Catalyst is an ongoing series about health innovation, focusing on companies from the TEDMED Hive.  For more information and to apply for the Hive 2014, click here.

Great American health startups, not from garages

Sure, a lot of great ideas came out of American garages, but with enough imagination, moxie and determination, they can be teased out of virtually every setting.

Take these products and projects from the TEDMED 2013 Hive companies, for example.

iMPaK Health makes an ultra low-energy Bluetooth enabled device, about the size of a credit card, supporting products that monitor medication adherence, pulmonary function, activity and sleep. Functions run the gamut from simple to complex – recording symptoms, measuring pulmonary function or analyzing a drop of blood. The company is an offshoot of Meridian Health, a not-for-profit hospital system based on New Jersey, which started developing the products after pondering how to help patients monitor their own conditions in ways that meshed with the workflow of the Meridian health system.

“We realized that the companies that were out there didn’t understand health care that well. They had no real idea of what health systems were looking for in terms of costs, return on investment, and ability to scale easily. They didn’t understand that patients don’t want to feel sick. A lot of the devices made to be placed in the home were modified hospital versions of existing technology,” says Meridian Health Director of Consumer Technology and Service Development, Sandra Elliott.

Screen Shot 2014-03-21 at 7.48.59 AMInstead, iMPak aims to increase patient engagement over time and to aid in prevention when possible with inexpensive, easy to use tools.

“How do we get people to own their health now, and at the same time take those patients who are at the ‘Oh, Crap’ moment in the hospitals, and put them back on a different track when they’re in the community? It’s not just about the tools and what the information is telling us; it’s about helping people change their behavior,” Elliott says.

Tiffany Wilson Karp, Executive Director of the non-profit Global Center for Medical Innovation (GCMI), works to help medical device innovations coming out of academic centers in the Southeast ramp up to market. Health devices are a tough field for a startup, not only with normal new business pressures but also with the mandates of prototypes and clearing FDA approvals.  A device can’t raise money until its proven clinically and commercially viable, and that can’t be proven until it’s manufactured in a cleanroom, an area designed to reduce environmental pollutants.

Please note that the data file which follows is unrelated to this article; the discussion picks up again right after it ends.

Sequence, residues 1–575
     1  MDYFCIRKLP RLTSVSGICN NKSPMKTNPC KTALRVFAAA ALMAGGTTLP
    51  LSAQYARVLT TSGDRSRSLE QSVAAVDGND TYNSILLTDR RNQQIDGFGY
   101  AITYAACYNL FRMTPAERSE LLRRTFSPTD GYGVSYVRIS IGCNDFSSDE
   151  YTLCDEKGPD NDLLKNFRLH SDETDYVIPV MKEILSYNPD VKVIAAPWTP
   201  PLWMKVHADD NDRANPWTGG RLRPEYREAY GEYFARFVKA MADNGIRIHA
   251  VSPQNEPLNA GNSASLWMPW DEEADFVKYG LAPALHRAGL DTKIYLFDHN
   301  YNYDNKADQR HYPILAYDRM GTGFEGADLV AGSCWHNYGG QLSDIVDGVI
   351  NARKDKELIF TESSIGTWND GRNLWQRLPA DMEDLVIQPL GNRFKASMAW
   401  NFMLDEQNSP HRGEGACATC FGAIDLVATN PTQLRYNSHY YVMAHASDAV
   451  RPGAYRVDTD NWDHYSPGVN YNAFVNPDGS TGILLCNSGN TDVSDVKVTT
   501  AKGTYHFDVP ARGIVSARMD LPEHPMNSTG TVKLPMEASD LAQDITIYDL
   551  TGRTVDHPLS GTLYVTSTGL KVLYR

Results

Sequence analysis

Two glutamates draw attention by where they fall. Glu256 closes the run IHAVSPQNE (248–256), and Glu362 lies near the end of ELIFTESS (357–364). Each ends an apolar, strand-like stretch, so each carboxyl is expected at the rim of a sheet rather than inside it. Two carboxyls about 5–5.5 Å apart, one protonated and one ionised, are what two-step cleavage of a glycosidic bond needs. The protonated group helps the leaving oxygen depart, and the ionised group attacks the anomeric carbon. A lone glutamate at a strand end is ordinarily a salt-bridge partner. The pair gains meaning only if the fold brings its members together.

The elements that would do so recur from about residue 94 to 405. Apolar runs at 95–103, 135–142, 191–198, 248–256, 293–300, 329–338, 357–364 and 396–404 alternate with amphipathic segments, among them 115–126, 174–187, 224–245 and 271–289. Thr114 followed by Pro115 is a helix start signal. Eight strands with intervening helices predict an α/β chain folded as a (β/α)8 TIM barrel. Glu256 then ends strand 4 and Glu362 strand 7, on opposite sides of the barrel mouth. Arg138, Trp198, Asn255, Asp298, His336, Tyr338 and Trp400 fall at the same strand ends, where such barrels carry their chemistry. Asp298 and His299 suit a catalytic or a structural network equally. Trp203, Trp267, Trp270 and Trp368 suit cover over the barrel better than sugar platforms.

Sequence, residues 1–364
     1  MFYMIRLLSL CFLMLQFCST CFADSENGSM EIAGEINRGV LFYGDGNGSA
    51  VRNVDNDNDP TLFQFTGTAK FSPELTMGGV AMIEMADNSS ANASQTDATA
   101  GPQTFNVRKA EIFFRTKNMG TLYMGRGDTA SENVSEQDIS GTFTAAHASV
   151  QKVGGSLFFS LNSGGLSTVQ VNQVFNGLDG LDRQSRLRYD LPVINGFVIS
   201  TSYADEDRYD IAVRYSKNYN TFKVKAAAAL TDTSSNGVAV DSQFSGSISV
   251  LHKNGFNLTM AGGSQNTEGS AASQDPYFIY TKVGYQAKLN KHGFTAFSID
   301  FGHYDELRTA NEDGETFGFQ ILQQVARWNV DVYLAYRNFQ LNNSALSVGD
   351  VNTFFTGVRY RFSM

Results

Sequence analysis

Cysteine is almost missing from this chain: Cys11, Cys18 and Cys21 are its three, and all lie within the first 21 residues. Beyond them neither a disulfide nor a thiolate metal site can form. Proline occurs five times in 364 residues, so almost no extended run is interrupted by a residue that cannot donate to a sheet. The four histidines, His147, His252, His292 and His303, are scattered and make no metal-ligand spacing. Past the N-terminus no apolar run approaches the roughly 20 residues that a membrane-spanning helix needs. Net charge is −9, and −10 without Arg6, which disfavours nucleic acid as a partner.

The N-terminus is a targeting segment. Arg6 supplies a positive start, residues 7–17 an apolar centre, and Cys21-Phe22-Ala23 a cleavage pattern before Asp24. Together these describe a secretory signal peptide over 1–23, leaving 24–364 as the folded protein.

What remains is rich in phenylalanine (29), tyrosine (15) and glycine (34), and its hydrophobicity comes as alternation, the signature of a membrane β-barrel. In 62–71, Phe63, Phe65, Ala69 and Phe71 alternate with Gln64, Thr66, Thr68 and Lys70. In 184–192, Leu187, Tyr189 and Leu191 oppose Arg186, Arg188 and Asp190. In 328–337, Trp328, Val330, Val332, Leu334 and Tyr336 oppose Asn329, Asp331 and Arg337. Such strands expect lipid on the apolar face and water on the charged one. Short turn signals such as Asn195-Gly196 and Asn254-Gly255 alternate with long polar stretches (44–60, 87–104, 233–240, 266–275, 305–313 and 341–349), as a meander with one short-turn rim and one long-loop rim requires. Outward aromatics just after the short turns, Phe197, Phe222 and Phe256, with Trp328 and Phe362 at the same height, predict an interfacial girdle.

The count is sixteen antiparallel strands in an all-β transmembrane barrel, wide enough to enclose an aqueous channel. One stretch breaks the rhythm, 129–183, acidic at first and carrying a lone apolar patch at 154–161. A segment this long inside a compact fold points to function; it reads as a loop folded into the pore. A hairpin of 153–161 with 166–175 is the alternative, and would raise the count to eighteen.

Project partners Georgia Tech, Piedmont Hospital, the Georgia Research Alliance and St. Joseph’s Translational Research Facility collaborated to open GCMI in 2012. It’s based in a 12,000-square-foot facility near Georgia Tech. The idea is to help innovators, from the Southeast at least initially, navigate what Karp calls the “little pockets and ecosystems” of the medical device commercialization process, and to gather the intelligence needed to see the process through.

“It takes a village to get something from a concept to the patient. It’s an intersection of science, engineering, business and law. Everybody speaks a different language, yet need to carefully coordinate to get something to market that’s safe,” Karp says.

The fine print is seen to by a network of intellectual property, regulatory and quality systems advisors, and the bottom line by investors already flocking to the center.

While products are of necessity hush-hush, Karp says results include supporting one company from going to a team of two to their FDA clearance and CE approval in about 18 months, a process that can take years.

“The medical device industry is hard, messy and expensive. The underlying reason that drives innovation is the patient. You ask anybody in this industry why they do it, and they say, ‘Every day when you go to work you’re working on something that’s going to affect somebody’s life and quality of care,” she says.

The positives of HIV testing: A tale of two cultures

Last week, we hosted a live online discussion about essential community building blocks for breaking the links between poverty and poor health outcomes. And the need to think creatively is perhaps strongest in local HIV/AIDS prevention initiatives. Cultural pressures, health myths, and access issues can hamper engagement and progress and yet, two campaigns are making strides.